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Open Access Mousepox Resulting from Use of Ectromelia Virus-Contaminated, Imported Mouse Serum

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Mousepox was identified in a single mouse-holding room in early 1999 after a group of 20 CAF1/Hsd mice were inoculated SC with a killed murine spindle cell tumor line, S1509A. The cell line had been used without complications multiple times and was determined to be free of viral contamination on the basis of results of mouse antibody production testing. Of the 20 mice inoculated, 12 mice died by postinoculation day 8. Severe lymphoid and hepatic necrosis was observed in select mice subjected to histologic examination. Ballooning degeneration of epithelial cells with intracytoplasmic eosinophilic inclusion bodies was observed in the skin overlying the inoculation site of the single mouse from which this tissue site was evaluated. Presence of ectromelia virus was confirmed by use of immunohistochemical and polymerase chain reaction analyses, and the virus was isolated after serum, pooled from 5 of the index cases, was inoculated into an immune-naive mouse. Investigation into the source of virus contamination included inoculating mice with aliquots of various S1509A freeze dates; chemically defined media and supplements, including fetal bovine serum; and two lots of pooled commercial mouse sera, after heat inactivation at 56°C for 30 minutes used as a medium supplement. One lot of pooled commercial mouse serum was identified as the source of ectromelia virus. This lot of serum was inadvertently used to feed S1509A cells that were subsequently inoculated into mice. We determined that the contaminated serum, which was purchased in late 1998, originated from China. The serum was imported into the United States as a batch of 43 L in early 1995. The serum was blended into a single lot and filtered (0.2 m) before distribution to major suppliers throughout the country. The serum was sold or further processed to obtain a variety of serum-derived products. Because murine serum is generally sold in small aliquots (10 to 50 ml), we speculate that several thousand aliquots may have been derived from this batch of serum and, if inoculated into mice, would likely result in additional mousepox outbreaks.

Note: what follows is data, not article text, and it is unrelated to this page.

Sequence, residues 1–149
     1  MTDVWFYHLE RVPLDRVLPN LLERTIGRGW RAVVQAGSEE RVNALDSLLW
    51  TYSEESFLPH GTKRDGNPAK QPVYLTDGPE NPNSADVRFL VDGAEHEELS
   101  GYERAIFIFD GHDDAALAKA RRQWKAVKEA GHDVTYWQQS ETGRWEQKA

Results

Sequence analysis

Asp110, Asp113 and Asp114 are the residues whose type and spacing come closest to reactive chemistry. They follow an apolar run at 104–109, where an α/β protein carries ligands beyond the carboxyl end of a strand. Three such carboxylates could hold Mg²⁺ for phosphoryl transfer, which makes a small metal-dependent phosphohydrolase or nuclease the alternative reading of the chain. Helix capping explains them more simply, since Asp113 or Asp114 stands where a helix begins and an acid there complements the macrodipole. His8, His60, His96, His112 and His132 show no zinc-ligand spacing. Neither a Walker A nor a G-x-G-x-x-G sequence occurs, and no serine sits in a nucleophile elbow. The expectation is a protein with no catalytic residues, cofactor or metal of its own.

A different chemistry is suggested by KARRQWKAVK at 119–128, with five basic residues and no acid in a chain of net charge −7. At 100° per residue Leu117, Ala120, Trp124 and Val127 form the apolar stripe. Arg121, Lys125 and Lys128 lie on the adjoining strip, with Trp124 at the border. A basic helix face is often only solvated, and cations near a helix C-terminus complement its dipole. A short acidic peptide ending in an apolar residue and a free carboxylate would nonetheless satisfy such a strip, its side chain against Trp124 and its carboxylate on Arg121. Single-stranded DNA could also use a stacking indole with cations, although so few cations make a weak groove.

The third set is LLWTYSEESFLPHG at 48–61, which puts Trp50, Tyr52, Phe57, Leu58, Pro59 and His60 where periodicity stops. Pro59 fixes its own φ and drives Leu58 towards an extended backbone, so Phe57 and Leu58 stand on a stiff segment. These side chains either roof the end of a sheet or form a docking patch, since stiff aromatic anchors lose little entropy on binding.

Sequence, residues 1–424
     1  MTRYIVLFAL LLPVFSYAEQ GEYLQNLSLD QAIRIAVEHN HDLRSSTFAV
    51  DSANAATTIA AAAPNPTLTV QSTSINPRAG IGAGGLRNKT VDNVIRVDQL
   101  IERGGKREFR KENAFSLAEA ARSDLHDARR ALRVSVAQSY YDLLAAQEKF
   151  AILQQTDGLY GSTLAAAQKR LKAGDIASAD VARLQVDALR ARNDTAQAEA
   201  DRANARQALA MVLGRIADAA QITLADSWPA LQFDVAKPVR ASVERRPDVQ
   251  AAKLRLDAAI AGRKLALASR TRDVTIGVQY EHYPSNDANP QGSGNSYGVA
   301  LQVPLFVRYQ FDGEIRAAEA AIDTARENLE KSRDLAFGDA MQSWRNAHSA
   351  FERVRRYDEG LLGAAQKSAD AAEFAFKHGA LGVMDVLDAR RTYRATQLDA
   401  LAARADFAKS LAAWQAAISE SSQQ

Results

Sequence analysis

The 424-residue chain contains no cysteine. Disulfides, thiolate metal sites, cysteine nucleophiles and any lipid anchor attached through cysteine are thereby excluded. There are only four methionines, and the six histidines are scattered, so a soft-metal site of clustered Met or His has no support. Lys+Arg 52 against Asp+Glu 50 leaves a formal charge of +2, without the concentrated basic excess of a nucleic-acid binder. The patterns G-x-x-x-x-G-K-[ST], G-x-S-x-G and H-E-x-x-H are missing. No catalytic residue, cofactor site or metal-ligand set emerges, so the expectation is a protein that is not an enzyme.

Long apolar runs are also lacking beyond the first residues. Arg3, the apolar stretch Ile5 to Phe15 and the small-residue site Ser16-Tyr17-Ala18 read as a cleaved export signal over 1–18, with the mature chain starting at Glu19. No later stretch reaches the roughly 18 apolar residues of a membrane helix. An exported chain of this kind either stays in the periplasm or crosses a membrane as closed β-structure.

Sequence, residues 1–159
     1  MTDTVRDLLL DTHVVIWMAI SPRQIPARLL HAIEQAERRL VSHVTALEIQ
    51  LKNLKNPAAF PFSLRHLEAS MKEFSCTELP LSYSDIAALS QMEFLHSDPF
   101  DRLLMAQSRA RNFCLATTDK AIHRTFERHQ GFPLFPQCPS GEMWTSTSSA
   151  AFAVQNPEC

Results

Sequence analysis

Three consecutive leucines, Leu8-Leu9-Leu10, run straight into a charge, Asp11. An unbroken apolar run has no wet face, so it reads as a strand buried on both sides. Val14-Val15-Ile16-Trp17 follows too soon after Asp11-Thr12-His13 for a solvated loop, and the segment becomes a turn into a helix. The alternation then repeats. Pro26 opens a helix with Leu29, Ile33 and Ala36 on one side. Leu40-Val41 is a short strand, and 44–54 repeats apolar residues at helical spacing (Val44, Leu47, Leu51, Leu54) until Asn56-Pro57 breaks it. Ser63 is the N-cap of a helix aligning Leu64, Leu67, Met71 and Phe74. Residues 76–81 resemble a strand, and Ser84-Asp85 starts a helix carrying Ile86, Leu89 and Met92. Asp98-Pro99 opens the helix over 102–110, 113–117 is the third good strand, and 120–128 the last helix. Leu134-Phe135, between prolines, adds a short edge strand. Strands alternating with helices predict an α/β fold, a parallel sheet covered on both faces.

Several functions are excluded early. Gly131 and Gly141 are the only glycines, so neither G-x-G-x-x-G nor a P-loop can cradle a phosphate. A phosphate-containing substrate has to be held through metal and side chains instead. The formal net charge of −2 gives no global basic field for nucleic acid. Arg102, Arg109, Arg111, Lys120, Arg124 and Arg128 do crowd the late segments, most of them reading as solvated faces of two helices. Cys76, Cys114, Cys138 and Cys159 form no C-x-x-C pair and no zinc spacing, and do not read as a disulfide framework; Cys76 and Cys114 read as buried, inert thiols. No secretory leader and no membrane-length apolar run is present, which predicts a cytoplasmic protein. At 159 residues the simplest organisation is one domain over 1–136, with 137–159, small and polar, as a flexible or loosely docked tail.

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Document Type: Research Article

Publication date: 2000-08-01

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  • Comparative Medicine (CM), an international journal of comparative and experimental medicine, is the leading English-language publication in the field and is ranked by the Science Citation Index in the upper third of all scientific journals. The mission of CM is to disseminate high-quality, peer-reviewed information that expands biomedical knowledge and promotes human and animal health through the study of laboratory animal disease, animal models of disease, and basic biologic mechanisms related to disease in people and animals.

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